R.O.I. Real State – Residential Newsletter- December 2021
Posted on December 1, 2021
From November to December 2021, the supply-demand index rose 37.6 points. Although both indicators decreased, supply made the bigger move, which pushed the market higher into a seller’s market. Last month, both indicators increased, but demand made the more significant move, also pushing the market higher into a seller’s market. The result has been a 47-point increase in favor of sellers over the past 2 months. As national housing predictions for 2022 flood the headlines, it’s easy to get caught up in the unknown and unpredictable: the expectation of rising interest rates, for example. While that’s valid, it’s also important to lean into the math and what we know. A flattening in sale prices is inevitable, but current measures show they will continue to rise for at least 3-6 months in Greater Phoenix. You can read all the details in the R.O.I. Properties “Real State – Residential” newsletter (just click on the image), with additional statistics, market trends and information, but here’s a quick peek at the highlights:
Active Listings: Listings in escrow started 2021 at 9,508, rose 27% to 12,068 by February, and bounced between 11,500–12,000 until May, before dropping 15% to 10,216 at the end of July. Then contract activity took a turn and rose 17% to 11,946 in October before dropping seasonally to 9,876 as of December 26, up 3.9% from the beginning of 2021. Despite the decline since October, contract activity is still very high for this time of year. From 2015–2019, Greater Phoenix typically measured between 7,500–9,000 properties in escrow waiting to close at the end of December. The worst year ever was 2007, with only 3,750 in escrow and 58,000 active in the MLS. As of December 22, there have been 102,795 sales closed through the Arizona Regional MLS, up 4.7% from 2020 and 1.2% higher than the peak year of 2005 to date. This puts 2021 on track to be the #1 year for MLS sales. With another week to go, annual appreciation is running at 26.2%. Looking forward to 2022, it’s reasonable to expect the market to eventually cool down with added inventory from new home development. However, the large gap between supply and demand tells us that the market hasn’t begun to cool at this stage and prices will continue to rise in the immediate future. When the market does flatten out, the first indicators to show it will be list price reductions, seller concessions, and sales over asking price—not sales price.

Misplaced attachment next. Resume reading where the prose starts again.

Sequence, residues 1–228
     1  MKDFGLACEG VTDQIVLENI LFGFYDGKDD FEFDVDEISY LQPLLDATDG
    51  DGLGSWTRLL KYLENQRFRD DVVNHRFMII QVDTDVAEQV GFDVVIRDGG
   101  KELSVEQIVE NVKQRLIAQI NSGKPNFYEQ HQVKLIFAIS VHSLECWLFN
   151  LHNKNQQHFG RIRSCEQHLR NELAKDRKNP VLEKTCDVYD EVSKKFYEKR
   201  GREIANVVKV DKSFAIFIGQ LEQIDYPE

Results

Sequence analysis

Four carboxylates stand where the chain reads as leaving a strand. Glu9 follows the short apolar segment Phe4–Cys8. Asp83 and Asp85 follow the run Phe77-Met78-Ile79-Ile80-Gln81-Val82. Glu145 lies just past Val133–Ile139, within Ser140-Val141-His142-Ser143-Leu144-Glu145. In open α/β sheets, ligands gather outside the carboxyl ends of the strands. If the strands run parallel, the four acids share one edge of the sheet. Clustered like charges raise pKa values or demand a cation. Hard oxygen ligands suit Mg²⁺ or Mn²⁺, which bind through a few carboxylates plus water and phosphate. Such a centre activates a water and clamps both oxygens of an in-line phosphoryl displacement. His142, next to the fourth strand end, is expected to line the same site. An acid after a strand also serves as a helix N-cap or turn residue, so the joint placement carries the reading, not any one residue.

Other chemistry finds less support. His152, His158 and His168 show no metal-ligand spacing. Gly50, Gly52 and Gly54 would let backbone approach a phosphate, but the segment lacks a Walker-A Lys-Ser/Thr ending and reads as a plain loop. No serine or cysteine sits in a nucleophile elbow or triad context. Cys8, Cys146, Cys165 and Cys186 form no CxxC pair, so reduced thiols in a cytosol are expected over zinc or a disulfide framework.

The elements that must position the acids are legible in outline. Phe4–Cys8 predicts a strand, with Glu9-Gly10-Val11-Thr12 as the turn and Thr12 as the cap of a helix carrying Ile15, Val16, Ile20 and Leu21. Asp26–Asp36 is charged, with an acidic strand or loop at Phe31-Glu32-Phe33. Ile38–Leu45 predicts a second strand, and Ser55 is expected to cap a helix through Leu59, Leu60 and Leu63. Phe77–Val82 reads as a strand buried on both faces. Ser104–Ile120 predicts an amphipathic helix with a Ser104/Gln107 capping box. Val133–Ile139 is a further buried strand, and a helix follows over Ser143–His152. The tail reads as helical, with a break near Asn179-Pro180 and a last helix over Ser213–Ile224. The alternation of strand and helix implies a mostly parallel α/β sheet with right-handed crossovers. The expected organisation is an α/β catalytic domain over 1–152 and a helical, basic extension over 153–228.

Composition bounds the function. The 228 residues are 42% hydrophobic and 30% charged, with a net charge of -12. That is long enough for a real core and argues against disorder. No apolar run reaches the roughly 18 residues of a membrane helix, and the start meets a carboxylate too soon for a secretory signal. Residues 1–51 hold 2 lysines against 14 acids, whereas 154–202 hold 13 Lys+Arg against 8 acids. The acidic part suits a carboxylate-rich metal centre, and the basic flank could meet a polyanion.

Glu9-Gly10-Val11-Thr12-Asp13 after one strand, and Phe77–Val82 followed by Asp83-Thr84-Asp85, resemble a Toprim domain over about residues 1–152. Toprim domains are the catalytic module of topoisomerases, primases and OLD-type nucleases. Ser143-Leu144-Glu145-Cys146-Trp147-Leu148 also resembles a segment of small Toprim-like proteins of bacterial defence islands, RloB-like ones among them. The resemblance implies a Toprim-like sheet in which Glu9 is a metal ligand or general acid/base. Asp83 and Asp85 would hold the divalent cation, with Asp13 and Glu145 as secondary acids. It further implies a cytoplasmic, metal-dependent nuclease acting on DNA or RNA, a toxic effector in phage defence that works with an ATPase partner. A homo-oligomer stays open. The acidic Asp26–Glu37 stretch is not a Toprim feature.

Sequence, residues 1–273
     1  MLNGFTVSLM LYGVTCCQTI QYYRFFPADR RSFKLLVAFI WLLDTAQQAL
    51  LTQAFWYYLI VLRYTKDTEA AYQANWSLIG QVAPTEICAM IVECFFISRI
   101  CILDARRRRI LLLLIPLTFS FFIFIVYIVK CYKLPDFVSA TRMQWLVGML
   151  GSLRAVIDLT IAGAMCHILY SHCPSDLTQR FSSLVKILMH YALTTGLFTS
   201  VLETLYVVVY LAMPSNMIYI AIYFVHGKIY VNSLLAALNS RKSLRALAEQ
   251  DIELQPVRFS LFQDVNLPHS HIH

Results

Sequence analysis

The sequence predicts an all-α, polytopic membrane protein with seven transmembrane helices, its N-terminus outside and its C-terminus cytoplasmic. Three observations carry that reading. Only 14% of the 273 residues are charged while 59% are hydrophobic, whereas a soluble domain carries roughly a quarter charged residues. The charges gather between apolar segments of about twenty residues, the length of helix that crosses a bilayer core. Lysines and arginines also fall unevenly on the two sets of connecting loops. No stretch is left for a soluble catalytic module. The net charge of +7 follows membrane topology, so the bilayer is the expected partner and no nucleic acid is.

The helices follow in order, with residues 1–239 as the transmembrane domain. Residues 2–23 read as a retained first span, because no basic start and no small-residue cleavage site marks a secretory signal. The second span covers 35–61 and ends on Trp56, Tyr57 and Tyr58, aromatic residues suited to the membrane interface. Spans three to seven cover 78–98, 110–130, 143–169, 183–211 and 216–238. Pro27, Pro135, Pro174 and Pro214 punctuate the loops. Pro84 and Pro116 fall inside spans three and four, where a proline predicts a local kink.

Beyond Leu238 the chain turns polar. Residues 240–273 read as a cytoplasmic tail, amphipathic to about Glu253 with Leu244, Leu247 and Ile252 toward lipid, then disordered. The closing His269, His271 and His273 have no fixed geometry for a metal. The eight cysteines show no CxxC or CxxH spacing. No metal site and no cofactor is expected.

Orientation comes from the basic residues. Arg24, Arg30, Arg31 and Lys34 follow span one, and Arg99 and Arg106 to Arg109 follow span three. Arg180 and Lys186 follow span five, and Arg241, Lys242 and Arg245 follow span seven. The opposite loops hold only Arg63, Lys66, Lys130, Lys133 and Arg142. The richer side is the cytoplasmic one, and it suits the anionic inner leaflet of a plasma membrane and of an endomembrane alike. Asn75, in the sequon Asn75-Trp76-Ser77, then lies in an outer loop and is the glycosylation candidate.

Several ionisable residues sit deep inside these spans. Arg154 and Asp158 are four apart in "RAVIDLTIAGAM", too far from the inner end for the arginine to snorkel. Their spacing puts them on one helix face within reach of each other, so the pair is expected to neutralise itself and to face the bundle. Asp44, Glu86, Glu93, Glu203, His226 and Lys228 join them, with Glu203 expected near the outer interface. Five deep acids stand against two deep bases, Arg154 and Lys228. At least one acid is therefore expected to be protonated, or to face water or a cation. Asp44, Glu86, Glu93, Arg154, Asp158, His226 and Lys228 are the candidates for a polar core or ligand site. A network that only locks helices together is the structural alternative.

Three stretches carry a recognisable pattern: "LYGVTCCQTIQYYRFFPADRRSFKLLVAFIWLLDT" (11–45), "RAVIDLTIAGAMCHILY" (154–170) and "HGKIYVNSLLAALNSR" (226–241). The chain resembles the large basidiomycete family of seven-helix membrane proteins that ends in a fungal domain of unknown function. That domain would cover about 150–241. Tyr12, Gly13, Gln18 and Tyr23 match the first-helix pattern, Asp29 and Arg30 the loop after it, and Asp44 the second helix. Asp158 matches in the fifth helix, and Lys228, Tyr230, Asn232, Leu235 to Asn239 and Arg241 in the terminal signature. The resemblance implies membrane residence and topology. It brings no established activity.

Sales Volume & Price: Zillow announced hundreds of millions of dollars in losses this week stemming from Zillow Offers and their decision to exit the iBuyer market completely. While this was not surprising to most professionals in the industry, it was a surprise to many consumers who valued the Zestimate and saw Zillow as too big to fail. When Zillow Offers did fail, some thought it was just the beginning of the end for the housing market. Some thought there would be a surge of inventory; there was not. Some thought there would be a decrease in demand; there was not. In fact, supply was barely affected, and contracts have continued to rise, defying seasonality. Some thought Zillow controlled the market, but it does not. Zillow’s mistake was made back in February, when they announced the Zestimate would double as an offer under Zillow Offers, thus removing one more human element from the real estate transaction and greatly increasing their risk. Extreme seller markets are considered “dump your junk” markets; meaning, if you don’t want to do repairs or remodel, this is the time to list an outdated, leaky-roofed, pet-stained home and it will sell. Algorithms cannot smell a home, see a busy street in the back, or hear a high school band practice every morning next door. It only took 8 months for Zillow’s experiment to fail after they had been an active iBuyer for 3 years. This is not a reflection of a bad market, only bad decisions.